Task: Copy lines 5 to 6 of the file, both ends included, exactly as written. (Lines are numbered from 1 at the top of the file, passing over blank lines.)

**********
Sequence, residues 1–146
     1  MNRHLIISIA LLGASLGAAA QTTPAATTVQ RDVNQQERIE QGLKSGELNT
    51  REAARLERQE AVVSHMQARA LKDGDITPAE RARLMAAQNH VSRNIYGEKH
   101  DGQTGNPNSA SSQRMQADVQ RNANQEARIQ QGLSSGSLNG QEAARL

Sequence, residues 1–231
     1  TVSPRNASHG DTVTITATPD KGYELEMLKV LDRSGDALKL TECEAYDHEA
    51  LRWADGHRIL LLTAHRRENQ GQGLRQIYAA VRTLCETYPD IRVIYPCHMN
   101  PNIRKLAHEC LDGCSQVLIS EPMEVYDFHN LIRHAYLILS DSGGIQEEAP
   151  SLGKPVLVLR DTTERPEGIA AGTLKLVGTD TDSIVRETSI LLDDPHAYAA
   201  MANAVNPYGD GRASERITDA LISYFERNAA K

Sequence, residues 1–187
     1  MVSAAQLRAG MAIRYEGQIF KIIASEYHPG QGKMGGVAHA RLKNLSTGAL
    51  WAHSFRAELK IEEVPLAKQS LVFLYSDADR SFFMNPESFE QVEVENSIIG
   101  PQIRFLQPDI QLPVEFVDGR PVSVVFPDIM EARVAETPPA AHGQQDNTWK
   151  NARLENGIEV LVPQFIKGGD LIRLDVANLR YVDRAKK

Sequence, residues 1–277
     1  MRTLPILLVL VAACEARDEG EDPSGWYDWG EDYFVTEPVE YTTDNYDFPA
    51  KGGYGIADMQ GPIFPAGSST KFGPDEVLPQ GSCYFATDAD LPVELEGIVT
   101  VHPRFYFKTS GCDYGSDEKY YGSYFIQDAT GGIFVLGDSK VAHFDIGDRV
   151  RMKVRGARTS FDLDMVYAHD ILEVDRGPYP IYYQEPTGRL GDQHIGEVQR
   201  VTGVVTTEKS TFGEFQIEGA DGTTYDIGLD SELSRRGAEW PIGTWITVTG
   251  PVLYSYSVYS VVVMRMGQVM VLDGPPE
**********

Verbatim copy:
Sequence, residues 1–231
     1  TVSPRNASHG DTVTITATPD KGYELEMLKV LDRSGDALKL TECEAYDHEA